About BearManor Media
BearManor Media is a small press that publishes BIG books. They pride themselves on publishing quality entertainment biographies, so they often put out the first book on unique subjects. BearManor Media specializes in books with nostalgic themes like Fess Parker: TV’s Frontier Hero, Little Girl in Big Pictures, The Whistler, Ghosts of Gone With the Wind, and Voices From the Philco.

Updated 8/1/12
The book is now available in print and as an ebook on Kindle.

Tuesday, September 27, 2011

The Mark of Zorro sequel

Blackstone Audio has commissioned a sequel to Hollywood Theater of the Ear's The Mark of Zorro. Stay tuned for details...

Friday, September 23, 2011

Zorro and the Pirate Raiders - Zorro Rides Again Get Nice Reviews (Zorro Radio Drama)

The Great Detectives of Old Time Radio Blog site had some nice words to say about CRT's full-cast radio drama Zorro and the Pirate Raiders.

If you grew up in the 1950s, when you think of Zorro as Guy Williams in the Disney series. Or if you grew up in the late 80s and early 90s, Duncan Regehr may have provided your vision of Zorro. Others may remember Antonio Banderas as Zorro and for many classic film buffs, it is without a doubt Douglas Fairbanks who defines the character in the silent film version.
Zorro did make it to radio in 1957, in a short-lived serial based on the Curse of Capistrano, however only two episodes of this series survive.
Zorro has been interpreted and reinterpreted so many times throughout the years that it's hard to remember that Zorro originiated in the pulp magazines in stories by Johnston McCulley. may have passed Zorro by for the most part, modern producers of radio drama have picked up the torch.
The Colonial Radio Theatre  brought two of these stories to radio in Zorro and the Pirate Raiders and Zorro Rides Again.
In Zorro and the Pirate Raiders, the commandante of the pueblo, Captain Ramon, forms an alliance with cutthroat pirates to  raid the pueblo and split the booty. Ramon also orders the pirates to kill Don Diego de la Vega and kidnap his bride-to-be. Zorro thwarts the attack on Don Diego with the help of other caballeros and then pursues the pirates across the sea.
In Zorro Rides Again, Zorro has retired after The Pirate Raiders but is forced to return when an imposter begins to commit injustices in the name of Zorro. Zorro must clear his name and find the imposter before friends turn against him and the government executes.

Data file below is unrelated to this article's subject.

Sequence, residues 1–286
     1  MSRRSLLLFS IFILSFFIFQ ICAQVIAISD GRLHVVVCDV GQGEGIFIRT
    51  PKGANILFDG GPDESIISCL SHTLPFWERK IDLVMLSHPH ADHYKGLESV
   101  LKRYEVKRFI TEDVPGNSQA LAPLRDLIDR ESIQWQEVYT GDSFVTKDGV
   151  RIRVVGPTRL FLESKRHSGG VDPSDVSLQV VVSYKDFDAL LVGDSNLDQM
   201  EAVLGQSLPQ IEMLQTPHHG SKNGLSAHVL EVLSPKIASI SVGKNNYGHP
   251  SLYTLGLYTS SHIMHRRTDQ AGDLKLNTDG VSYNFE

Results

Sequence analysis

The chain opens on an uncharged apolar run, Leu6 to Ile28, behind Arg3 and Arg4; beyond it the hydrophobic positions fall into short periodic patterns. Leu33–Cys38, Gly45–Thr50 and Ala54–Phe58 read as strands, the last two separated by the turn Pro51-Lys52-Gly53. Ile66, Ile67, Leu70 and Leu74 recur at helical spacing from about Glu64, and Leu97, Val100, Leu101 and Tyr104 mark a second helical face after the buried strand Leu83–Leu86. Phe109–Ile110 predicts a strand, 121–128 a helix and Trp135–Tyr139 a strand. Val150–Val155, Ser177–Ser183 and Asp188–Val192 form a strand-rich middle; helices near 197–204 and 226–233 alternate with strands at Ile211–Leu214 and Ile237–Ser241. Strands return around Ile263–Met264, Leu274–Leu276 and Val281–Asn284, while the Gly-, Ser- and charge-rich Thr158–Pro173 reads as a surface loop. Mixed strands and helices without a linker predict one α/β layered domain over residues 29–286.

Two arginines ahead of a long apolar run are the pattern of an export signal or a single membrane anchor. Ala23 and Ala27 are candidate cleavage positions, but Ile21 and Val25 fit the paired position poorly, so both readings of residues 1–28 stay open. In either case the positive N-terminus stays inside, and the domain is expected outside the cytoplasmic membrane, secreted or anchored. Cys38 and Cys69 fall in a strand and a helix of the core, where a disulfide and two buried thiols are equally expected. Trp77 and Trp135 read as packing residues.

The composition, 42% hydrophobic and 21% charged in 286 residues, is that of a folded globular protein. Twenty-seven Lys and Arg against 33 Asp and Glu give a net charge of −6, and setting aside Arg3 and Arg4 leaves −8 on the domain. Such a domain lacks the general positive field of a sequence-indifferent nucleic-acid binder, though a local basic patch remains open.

These Zorro productions are superb swashbuckling adventures.  Each feature length adventure was filled with action, adventure, and surprise twists throughout the story. The sound effects were amazing, and help to transport you back to Old California.
There were differences between this production and most Zorro adaptations. The biggest was that Zorro had allies: twenty caballeros who fought alongside him. This is a stark difference between modern productions which have Zorro fighting a lone battle against evil, which has become the trend.  However, the CRT's version of Zorro remains faithful to the original vision of McCulley.
Zorro and his caballeros are courageous and gallant, living by a code of honor.  McCulley's vision of Zorro was as a North American version of the knights of old and this really shows through in the Colonial Radio Theater production.  The cast from the stars to their supporting players were all excellent. In particular, Sam Donato shined in the role of Sergeant Garcia.  Oftentimes, the role of the Sergeant in Zorro is often played as buffoon or coward, but Donato's portrayal was more nuanaced, and there was a lot more to Sergeant Garcia than meets these eyes.
There were very few flaws in these productions, and they were  a result of being faithful to the source material, so I can't complain about them. I will say that when a radio drama features a fight between two guys with knives in their mouths, the theater of the mind has to work overtime to supply the images.
Overall, these are great productions that represent Zorro as he was meant to be and provide hours of fun and excitement.

Rating: 5.0 out of 5.0

Zorro fans also be sure to check out The Mark of Zorro radio drama as well.

Monday, September 19, 2011

Johnston McCulley (Zorro Creator) Interview

An interview found in the OAKLAND TRIBUNE MAGAZINE on Page 5, Oakland, California, USA

May 20, 1923

 Article discovered and generously provided by Lisa 
“Noted Author Tells Story of How He Became Writer and What Led to His Success --- Writes Under Many Names”
By Seth Bailey
If you have ever read stories written by Harrington Strong, John Mack Stone, Walter Pierson or Camden Stewart, you have read works by the author about whom this article is written – Johnston McCulley.